Study in Nova Scotia shows that coyotes stay close to people.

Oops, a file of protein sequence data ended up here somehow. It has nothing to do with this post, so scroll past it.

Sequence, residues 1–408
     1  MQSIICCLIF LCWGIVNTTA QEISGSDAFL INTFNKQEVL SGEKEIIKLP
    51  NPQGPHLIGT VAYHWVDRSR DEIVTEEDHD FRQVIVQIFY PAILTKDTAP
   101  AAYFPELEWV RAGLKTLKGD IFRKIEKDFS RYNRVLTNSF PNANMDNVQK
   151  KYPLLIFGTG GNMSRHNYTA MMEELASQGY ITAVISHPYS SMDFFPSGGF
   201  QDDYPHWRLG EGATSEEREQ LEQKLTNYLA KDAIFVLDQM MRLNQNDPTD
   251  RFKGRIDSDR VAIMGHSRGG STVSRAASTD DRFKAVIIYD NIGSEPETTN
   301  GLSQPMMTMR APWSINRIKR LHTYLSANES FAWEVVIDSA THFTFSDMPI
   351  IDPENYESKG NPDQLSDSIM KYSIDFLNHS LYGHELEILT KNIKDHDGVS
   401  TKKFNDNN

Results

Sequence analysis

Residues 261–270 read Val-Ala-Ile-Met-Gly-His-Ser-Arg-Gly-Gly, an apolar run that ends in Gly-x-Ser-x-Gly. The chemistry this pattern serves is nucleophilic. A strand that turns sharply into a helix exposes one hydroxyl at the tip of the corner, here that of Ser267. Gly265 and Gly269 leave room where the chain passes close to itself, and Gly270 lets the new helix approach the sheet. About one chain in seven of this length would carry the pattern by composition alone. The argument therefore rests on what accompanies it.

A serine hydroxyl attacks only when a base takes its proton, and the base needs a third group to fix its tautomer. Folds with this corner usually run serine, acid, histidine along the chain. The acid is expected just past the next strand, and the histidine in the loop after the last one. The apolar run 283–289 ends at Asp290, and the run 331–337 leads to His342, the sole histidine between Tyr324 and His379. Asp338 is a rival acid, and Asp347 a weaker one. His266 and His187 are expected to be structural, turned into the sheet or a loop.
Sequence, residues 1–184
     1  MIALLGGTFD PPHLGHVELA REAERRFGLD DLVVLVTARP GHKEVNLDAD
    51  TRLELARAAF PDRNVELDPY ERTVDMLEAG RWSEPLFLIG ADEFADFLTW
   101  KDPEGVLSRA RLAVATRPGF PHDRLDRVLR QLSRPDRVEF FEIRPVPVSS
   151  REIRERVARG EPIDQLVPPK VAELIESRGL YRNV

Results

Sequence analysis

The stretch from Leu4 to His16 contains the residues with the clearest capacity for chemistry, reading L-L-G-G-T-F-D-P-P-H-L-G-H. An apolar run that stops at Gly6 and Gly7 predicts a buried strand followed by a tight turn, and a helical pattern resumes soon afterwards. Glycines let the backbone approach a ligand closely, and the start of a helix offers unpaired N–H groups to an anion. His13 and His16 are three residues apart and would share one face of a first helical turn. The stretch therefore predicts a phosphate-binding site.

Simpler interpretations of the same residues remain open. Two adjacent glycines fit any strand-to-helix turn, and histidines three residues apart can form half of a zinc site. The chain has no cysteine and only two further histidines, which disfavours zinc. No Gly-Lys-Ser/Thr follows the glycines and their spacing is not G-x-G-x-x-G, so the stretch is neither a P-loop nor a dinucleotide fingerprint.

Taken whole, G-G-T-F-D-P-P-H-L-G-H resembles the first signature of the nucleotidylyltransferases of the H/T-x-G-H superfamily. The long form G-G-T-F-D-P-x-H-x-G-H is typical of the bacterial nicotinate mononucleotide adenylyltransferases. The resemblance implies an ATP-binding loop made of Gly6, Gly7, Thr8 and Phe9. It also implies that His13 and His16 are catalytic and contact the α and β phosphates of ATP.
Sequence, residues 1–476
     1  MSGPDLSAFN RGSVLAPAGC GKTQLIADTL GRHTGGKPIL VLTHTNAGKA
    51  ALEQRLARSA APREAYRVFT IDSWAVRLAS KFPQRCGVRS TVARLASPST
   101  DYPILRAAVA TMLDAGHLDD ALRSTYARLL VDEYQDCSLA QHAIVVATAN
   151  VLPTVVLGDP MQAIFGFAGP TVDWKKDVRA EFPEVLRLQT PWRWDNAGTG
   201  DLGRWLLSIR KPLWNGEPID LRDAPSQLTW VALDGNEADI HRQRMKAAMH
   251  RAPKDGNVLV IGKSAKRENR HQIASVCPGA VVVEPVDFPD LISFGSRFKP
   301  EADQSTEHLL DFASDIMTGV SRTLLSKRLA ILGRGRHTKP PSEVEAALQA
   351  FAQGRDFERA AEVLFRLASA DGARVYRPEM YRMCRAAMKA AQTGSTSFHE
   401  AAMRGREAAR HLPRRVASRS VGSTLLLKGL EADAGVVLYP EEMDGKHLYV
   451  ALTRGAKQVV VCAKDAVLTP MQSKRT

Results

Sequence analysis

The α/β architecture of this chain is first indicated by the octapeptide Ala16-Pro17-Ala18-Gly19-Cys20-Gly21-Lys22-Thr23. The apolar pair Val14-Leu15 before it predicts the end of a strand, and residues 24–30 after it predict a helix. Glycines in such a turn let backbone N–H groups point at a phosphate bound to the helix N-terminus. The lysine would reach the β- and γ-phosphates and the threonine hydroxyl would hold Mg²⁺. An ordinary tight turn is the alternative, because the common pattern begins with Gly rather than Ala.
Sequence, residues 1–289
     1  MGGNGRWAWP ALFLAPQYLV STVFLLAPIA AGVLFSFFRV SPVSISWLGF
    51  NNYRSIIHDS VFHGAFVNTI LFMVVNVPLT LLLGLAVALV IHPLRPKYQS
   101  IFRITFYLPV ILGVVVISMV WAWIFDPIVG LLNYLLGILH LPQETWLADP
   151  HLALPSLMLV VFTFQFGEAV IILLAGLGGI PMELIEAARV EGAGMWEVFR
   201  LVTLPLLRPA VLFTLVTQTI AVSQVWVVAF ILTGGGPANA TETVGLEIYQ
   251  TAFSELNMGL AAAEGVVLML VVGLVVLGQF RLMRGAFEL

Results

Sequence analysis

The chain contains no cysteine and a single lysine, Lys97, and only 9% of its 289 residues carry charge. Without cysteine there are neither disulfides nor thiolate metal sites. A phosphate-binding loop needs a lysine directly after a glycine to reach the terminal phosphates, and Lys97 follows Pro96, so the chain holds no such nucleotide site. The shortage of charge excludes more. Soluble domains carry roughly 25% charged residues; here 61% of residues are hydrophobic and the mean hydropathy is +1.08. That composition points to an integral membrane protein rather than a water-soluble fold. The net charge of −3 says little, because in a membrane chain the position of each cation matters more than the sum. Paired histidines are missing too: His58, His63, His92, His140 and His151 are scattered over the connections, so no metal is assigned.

The unprecedented attack and killing of a young woman in Cape Breton Highlands National Park by a group of coyotes in 2009 prompted Parks Canada to begin a study which would hopefully provide more information on how to limit human-coyote interactions in the area.   What they found is that the 8 animals fitted with GPS tracking collars tended to spend a lot of time in areas that humans regularly use.  Park official Derek Quann said in an interview with CBC news that “The fact that they occupy the more highly populated areas is not all that surprising, and it’s somewhat expected,” stating that, “Coyotes will go wherever they can get enough food, and where they judge that the risks are acceptable.”  Park staff are trying to educate visitors about the animals and encourage people to not feed or leave food available for them.  They are also trying to deter coyotes by using loud noises to scare them.

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